Verse > Anthologies > T. H. Ward, ed. > The English Poets > Vol. II. Ben Jonson to Dryden
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Thomas Humphry Ward, ed.  The English Poets.  1880–1918.
Vol. II. The Seventeenth Century: Ben Jonson to Dryden
 
Sonnet to Sir W. Alexander (from The Cypresse Grove)
By William Drummond of Hawthornden (1585–1649)
 
THOUGH I have twice been at the doors of death,
And twice found shut those gates which ever mourn,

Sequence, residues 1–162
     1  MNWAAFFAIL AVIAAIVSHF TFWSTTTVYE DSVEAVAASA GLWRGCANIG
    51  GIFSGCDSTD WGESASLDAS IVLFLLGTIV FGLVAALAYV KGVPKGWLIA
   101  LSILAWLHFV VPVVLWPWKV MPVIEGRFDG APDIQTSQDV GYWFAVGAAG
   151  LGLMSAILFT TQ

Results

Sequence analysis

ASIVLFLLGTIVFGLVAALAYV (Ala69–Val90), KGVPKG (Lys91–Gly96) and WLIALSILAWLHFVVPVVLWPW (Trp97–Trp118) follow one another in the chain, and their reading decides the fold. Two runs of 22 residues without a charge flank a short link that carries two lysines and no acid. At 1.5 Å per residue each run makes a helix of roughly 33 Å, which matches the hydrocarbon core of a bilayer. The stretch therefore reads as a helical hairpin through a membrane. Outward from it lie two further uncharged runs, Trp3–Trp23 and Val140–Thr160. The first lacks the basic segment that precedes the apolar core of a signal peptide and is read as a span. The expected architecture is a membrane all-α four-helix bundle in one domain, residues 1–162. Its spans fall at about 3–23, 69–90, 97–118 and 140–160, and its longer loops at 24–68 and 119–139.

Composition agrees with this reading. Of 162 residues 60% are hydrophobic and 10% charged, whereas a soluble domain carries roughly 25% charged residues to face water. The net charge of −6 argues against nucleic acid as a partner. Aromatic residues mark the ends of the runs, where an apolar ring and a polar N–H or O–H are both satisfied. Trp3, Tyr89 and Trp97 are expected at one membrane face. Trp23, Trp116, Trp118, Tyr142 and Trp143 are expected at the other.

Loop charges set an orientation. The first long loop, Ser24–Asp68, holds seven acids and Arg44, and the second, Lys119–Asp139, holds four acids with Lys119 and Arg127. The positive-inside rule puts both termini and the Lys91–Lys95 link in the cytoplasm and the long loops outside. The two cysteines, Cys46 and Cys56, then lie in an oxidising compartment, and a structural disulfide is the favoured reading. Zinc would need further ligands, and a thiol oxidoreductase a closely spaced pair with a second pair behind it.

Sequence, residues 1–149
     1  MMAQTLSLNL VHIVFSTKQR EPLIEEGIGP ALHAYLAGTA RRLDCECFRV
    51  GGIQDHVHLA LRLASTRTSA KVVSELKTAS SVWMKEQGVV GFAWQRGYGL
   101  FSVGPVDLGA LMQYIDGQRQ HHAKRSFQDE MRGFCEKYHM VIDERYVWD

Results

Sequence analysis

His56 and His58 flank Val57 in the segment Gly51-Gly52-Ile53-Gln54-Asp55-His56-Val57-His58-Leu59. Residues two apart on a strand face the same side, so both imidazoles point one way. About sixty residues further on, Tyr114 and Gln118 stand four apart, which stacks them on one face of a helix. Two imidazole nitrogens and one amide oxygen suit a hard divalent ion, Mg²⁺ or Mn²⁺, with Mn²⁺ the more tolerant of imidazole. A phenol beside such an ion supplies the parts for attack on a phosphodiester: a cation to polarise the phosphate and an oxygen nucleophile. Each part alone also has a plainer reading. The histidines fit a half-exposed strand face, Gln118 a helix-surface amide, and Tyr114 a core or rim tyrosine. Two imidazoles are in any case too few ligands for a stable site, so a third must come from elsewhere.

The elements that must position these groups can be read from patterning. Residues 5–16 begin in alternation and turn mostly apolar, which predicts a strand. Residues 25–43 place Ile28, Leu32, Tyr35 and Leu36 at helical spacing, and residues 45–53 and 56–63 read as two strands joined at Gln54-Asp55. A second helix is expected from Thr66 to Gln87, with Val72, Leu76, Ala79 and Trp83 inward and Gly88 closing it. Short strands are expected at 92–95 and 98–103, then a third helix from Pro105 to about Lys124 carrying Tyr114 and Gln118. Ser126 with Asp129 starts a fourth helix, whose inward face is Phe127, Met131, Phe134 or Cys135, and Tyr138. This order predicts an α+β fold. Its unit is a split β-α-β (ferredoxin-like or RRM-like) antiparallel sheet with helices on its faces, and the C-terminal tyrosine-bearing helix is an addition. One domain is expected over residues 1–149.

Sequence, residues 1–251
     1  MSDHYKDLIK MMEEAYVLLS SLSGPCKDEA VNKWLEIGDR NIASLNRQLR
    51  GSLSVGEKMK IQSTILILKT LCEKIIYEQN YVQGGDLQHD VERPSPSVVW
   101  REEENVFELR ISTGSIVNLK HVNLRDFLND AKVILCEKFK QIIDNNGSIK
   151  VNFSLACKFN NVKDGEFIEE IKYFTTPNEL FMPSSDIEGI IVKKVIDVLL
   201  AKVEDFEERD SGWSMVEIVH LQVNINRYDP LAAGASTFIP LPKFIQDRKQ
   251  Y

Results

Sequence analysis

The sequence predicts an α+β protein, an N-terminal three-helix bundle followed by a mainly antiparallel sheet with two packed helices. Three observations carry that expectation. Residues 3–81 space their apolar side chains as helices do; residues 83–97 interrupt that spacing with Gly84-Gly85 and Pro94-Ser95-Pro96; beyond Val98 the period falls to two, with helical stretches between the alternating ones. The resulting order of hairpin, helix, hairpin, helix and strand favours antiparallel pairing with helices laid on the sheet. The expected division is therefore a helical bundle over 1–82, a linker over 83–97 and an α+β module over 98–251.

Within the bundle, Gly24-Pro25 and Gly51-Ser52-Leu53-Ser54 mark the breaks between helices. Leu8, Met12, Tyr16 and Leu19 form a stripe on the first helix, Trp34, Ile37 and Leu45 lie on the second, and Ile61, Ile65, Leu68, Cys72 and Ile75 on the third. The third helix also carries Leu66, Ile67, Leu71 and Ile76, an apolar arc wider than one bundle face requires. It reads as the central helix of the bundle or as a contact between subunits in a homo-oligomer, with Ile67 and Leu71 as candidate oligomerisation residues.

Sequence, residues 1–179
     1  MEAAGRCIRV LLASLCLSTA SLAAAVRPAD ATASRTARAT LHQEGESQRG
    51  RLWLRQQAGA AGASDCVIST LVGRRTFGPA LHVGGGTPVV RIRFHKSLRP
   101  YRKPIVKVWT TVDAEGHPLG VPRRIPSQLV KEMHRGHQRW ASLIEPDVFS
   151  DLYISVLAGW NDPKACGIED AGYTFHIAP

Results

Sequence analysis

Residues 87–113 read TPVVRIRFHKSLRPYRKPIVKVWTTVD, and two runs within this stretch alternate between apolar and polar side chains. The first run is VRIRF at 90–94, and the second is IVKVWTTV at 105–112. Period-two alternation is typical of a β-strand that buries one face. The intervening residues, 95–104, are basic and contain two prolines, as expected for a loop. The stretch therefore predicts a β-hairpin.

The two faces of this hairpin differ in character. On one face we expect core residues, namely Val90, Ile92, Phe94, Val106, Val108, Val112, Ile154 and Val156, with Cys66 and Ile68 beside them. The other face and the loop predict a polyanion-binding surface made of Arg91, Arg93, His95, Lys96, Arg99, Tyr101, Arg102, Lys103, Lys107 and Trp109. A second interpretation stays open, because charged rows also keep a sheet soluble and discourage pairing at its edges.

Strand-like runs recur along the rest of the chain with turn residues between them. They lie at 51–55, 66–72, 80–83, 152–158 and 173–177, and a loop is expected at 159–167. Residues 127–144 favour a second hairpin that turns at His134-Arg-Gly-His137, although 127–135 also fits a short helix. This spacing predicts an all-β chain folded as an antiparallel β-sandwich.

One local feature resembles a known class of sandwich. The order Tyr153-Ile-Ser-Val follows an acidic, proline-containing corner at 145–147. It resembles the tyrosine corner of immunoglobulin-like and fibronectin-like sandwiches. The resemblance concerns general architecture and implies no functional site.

This but a light’ning is, truce ta’en to breath,
For late-born sorrows augur fleet return.
Amidst thy sacred cares and courtly toils,        5
Alexis, when thou shalt hear wand’ring Fame
Tell Death hath triumph’d o’er my mortal spoils,
And that on earth I am but a sad name;
If thou e’er held me dear, by all our love,
By all that bliss, those joys Heaven here us gave,        10
I conjure thee, and by the maids of Jove,
To grave this short remembrance on my grave:
  Here Damon lies, whose songs did sometime grace
  The murmuring Esk; may roses shade the place!
 
 
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